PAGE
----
The defendants filed a motion for discovery limited to issues relating to the statute of limitations. The motion was granted. Subsequently, the defendants filed a motion to dismiss pursuant to section 2-619 of the Code of Civil Procedure (the Code) (735 ILCS 5/2-619 (West 1992)). The defendants asserted the plaintiff's action was barred by the applicable statute of limitations. See 735 ILCS 5/13-202.2 (West 1992).

Attached to the motion was the deposition testimony of the plaintiff taken on February 23, 1993. In the deposition, the plaintiff testified that the last incident of abuse by Arthur Kenley occurred during the midsummer of 1982, when she was 16 years old. This final act of alleged abuse took place while she, her grandparents, and other members of her family were cleaning up church campgrounds near Oswego. The plaintiff testified that on that date, Arthur Kenley sexually abused her and her cousin, Kimberly Raymond. (At the time of the deposition, the plaintiff's testimony indicates Kimberly Raymond was either dead or missing.) The plaintiff further testified that Kimberly Raymond was present on as many as 20 separate occasion when she and Kimberly were abused by their step-grandfather.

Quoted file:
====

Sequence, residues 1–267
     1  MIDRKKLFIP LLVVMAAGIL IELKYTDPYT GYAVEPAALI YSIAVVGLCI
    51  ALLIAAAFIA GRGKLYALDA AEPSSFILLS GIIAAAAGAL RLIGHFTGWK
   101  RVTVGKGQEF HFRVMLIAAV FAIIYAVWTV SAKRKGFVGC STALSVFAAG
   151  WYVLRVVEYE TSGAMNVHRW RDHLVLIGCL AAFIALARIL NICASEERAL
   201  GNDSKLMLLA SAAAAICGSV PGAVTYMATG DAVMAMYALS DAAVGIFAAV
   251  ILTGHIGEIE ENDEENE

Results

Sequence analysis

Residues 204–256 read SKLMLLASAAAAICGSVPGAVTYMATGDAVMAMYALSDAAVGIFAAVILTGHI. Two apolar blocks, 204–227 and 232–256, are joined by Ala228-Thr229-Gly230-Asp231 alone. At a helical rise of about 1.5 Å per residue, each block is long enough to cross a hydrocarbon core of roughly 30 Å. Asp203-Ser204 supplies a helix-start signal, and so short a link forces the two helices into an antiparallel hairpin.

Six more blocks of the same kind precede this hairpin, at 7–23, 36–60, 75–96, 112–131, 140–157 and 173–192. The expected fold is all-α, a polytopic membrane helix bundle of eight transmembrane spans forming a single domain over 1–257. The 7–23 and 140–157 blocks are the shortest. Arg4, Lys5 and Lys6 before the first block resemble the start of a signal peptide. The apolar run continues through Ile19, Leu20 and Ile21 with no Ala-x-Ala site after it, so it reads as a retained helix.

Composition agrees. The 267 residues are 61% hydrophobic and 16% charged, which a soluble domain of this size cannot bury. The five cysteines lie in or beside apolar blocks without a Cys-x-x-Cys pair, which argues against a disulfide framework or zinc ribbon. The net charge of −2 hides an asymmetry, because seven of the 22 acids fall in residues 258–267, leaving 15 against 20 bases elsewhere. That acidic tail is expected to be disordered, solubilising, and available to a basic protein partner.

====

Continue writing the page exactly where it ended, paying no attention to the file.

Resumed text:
The plaintiff testified she began recalling the abusive events after she spoke with Kimberly Raymond on September 24, 1990. (At the time, the plaintiff was 24 years old.) On that day, Kimberly called her and was upset because Kimberly's mother had forced her to confront Arthur Kenley, and she had been told her allegations were a "fiction" resulting from the fact she was a drug user. The plaintiff also testified she had "overheard" other relatives talking about abuse prior to September 24, 1990.